Cultural revolution is also the revolution of the economic base

The act of expropriation of the bourgeois by the state apparatus of the proletarian vanguard is not in anyway the consummation of socialism as a static mode of production but is on the contrary no more then the necessary precondition for the continuation of the class struggle of the proletariat existing as a political subject in its party and mass organizations against the reproduction of capitalist production relations at a new and more advanced stage.

Within the capitalist social formation-itself a constant struggle between the old decedent production relations and the new forces of production the proletariat and the proletarianized popular masses and their resistance-the dictatorship of the bourgeois is the state form embodying the political project of the bourgeois the stabilization of the decedent production relations and the suppression of the masses. The dictatorship of the proletariat is the political project of the destruction of the decedent production relations in a protracted process of class struggle on every level.

But this dictatorship is not a mode of production, it is the use of organized coercion to carry forward the long process of transition from capitalist to communist production relations-which in oppressed countries may also entail a initial period of popular democratic revolution.

The destruction of the hierarchal dichotomies between mental and manual, productive and reproductive labor, the progressive abolition of the separation of the producers from the means of production and between production units themselves-these are the tasks of the proletarian state.

As such the idea that the continuation of the class struggle under the dictatorship of the proletariat means only the revolutionizing of the superstructure in order to conform to an already fully socialist economic base is fundamentally incorrect.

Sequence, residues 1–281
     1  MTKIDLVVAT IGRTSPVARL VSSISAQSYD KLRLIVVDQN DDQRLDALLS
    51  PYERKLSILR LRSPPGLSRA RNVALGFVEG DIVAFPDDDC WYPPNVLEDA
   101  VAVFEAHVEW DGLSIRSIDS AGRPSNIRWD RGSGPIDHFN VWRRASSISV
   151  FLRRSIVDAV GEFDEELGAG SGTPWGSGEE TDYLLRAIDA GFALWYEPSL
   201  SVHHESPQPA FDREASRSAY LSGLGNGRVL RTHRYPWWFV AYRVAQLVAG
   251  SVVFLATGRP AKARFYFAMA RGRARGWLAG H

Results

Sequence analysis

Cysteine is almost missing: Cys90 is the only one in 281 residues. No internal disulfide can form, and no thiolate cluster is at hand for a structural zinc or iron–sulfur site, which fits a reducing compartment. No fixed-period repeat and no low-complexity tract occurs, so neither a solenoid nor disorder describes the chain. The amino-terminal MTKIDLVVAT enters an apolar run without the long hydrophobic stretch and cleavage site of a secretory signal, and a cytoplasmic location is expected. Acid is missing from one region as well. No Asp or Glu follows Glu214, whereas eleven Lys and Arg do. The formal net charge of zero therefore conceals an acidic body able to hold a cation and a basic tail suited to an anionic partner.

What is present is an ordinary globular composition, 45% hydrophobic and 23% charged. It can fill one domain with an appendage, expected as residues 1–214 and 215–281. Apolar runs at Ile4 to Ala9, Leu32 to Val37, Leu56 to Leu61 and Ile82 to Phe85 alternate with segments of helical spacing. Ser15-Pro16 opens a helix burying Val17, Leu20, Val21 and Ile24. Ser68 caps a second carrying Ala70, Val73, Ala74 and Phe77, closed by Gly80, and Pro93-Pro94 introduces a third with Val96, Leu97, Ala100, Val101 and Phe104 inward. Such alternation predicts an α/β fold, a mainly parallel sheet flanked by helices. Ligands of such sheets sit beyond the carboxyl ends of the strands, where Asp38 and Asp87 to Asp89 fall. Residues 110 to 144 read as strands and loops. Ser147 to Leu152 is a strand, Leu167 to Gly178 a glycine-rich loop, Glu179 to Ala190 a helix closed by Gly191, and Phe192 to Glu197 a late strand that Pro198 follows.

The continued reproduction of bourgeois ideology in the superstructure can only be a reflection of the continued reproduction of capitalist production relations within the economic base despite their formal restriction by the proletarian state.

The capitalist roaders in positions of authority, the restorationist project of the bourgeois within the party are only the subjective expression on the level of political action of the inevitable continuation of capitalist production relations during the transitional dictatorship.

The continuation of hierarchical divisions of labor within the production process, and the continuation of value relations in the form of wage labor and exchange between enterprises leaves open the possibility of the restoration of bourgeois dictatorship.

The formal transformation of judicial ownership relations leaves the decadent production relations intact absent a continual class struggle of the masses to smash these relations, a struggle waged both by means of and against the proletarian state.

The attempts of the USSR to impose the new communist production relations wholesale by military bureaucratic means-an attempt dictated by the state of siege imposed by world imperialism ran aground on the resistance of the petty commodity producers leading to the stagnation of NEP.

The rapid industrialization and collectivization beginning with the first five year plan opened up the possibility of continuation of the socialist offensive-however the decisive defeat of the cultural revolutionary tendencies by the late 30s left the proletarian state to rot from inside at the hands of a bourgeoisfied bureaucracy promoted from within the working class whose inevitable product was revisionism.

The theory and practice of struggle against the continuation of capitalist production relations generated by the left wing of the CCP and the mass movements of the GPCR from the attempts to transition away from the wage system towards “free supply” during the Great Leap Forward to the leveling restructuring of the educational system during the later period of the GPCR represent a qualitative advance in the struggle against the reproduction of bourgeois relations under the dictatorship of the proletariat.

Since the Cultural Revolution the lines of demarcation are clear: One either mobilizes the masses continually to struggle against the bourgeois production relations and ideological superstructure in the process of dynamic transition towards communism or one deploys Marxism as social fascism in defense of state monopoly capitalism and the dictatorship of the revisionist bourgeois.

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